Green mangoes are not always in season therefore you can use other crunchy fruit to substitute. Green apples or papaya are good options as they are also tart in flavour.
Peel the mango and thinly slice white flesh lengthwise into bite size pieces until you reach the stone.
Wash and slice cucumber into 0.5cm thick slices.
De-shell cooked prawns but leaving head on. (Tip: you can keep prawn shells / heads in the freezer to use for prawn / seafood stock later on).
How to Make the Salty Tamarind Dressing
All the ingredients in the dressing can be bought from most Asian grocery stores. I’ve used tamarind pulp in this recipe but you can also purchase tamarind puree from major supermarkets. Saves you from soaking the pulp.
To start the tamarind dressing, soak tamarind pulp in a little warm water until soft. Then strain it in a large bowl and remove the pips.
In the tamarind pulp, add shrimp paste and palm sugar and whisk well until you have a thick smooth consistency. Then add lime juice and peanut oil to thin the dressing. Mix well.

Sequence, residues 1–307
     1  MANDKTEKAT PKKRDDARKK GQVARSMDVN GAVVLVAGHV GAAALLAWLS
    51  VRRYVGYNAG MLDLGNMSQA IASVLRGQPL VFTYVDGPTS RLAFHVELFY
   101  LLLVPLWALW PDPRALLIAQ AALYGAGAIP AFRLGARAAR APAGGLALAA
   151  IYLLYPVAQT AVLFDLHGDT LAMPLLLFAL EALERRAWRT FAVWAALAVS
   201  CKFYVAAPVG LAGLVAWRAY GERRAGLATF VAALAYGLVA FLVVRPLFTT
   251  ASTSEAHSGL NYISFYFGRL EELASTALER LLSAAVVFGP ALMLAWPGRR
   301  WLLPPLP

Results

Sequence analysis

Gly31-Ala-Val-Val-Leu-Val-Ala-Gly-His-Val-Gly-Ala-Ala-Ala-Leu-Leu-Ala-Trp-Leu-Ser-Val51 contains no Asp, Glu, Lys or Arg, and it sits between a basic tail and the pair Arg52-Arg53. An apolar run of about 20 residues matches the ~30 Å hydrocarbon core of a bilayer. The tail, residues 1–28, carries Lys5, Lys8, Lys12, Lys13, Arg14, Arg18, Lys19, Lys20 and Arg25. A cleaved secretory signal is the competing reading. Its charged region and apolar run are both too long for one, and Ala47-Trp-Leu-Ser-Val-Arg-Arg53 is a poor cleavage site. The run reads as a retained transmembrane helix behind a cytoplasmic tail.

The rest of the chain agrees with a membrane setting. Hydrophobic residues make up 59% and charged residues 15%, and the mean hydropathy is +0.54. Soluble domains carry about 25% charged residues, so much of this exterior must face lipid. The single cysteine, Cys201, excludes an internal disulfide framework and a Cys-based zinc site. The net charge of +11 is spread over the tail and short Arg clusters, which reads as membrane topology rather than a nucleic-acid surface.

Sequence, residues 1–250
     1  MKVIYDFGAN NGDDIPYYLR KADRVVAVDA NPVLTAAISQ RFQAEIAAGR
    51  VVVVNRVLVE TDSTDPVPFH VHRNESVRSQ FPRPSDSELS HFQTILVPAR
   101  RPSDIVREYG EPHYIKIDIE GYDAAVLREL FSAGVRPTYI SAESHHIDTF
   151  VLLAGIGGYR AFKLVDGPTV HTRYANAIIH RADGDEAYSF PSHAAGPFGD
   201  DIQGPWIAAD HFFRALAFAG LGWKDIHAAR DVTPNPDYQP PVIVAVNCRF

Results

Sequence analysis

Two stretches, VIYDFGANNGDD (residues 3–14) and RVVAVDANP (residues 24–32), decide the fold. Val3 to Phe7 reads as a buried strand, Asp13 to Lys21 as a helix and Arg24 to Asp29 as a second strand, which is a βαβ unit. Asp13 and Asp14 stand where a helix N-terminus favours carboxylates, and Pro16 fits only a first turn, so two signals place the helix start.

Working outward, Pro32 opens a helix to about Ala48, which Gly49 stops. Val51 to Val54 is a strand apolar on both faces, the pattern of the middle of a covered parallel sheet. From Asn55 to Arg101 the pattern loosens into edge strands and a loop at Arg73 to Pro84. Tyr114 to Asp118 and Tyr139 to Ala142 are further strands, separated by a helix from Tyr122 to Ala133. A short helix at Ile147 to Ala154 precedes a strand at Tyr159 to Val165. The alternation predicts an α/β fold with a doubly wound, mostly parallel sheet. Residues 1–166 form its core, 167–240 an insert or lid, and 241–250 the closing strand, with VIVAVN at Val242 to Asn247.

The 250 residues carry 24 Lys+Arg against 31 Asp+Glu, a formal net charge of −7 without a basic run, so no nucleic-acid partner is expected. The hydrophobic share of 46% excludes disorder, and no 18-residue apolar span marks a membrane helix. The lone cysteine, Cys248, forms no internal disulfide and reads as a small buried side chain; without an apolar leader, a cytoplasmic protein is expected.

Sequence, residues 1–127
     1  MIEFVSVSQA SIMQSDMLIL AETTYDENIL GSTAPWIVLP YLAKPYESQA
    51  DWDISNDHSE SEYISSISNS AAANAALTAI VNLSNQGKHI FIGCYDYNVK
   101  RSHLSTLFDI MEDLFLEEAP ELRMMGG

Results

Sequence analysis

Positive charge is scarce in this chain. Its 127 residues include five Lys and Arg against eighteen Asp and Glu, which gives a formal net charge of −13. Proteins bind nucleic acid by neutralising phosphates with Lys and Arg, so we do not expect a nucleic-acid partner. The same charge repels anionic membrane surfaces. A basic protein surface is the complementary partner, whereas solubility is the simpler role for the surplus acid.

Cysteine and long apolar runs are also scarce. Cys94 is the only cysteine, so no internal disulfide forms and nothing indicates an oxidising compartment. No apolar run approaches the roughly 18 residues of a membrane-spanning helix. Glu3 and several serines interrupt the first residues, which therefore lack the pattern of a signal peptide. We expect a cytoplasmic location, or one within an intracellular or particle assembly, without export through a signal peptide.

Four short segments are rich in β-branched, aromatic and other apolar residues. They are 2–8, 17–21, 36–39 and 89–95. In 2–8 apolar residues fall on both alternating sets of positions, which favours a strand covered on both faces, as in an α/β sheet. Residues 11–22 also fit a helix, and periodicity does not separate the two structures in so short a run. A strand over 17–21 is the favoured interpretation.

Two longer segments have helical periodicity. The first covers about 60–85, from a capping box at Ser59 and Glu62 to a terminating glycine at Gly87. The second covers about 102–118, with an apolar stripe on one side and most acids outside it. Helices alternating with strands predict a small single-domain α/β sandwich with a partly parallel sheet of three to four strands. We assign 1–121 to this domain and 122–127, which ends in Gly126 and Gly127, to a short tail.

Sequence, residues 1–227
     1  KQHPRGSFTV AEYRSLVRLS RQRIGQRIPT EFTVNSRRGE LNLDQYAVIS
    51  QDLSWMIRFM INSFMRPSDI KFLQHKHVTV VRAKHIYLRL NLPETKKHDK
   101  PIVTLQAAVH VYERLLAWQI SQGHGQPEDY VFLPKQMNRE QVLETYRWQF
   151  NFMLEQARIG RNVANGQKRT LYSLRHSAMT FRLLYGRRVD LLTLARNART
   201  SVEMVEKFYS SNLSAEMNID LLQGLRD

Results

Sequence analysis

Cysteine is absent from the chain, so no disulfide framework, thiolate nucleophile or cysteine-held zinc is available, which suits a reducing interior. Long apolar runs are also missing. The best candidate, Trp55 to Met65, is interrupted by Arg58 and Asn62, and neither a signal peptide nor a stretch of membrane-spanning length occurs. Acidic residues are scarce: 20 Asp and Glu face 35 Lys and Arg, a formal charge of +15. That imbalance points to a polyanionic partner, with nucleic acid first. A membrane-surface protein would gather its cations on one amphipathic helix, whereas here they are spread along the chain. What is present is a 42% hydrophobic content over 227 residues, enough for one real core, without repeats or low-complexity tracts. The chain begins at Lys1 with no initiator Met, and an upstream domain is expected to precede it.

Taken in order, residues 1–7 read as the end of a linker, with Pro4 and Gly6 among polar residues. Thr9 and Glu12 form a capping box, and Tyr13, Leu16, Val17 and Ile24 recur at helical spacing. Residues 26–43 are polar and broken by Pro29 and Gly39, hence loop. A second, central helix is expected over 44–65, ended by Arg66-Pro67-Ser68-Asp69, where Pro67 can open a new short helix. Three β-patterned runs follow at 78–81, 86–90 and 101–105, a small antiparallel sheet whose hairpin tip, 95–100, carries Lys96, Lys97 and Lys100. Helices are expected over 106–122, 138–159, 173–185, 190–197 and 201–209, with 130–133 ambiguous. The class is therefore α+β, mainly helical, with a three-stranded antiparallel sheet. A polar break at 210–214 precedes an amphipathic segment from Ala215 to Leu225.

Add crushed chilli to taste. If you prefer it more spicy, add extra chilli.
How to Assemble the Mushroom Salad
Using a large rectangular serving dish, place the grilled pineapple slices first, then layer cucumber slices and finally finish with the green mango slices.
Drizzle salty tamarind dressing over salad and sprinkle with a generous amount of crushed peanuts.
For a more complete meal, serve green mango salad with cooked prawns. The delicate prawn meat goes well with the salty and sour flavours of the salad.
Place extra tamarind dressing in a bowl, add a little crushed chilli (half a teaspoon depending on your taste) and sprinkle crushed peanuts. Serve this bowl on the side so friends can use it as a dipping sauce for crunchy fruit and prawns.
This savoury mango fruit salad sure makes for a great starter to get taste buds moving. Plus you can easily prepare all the elements earlier and just assemble when you need to serve.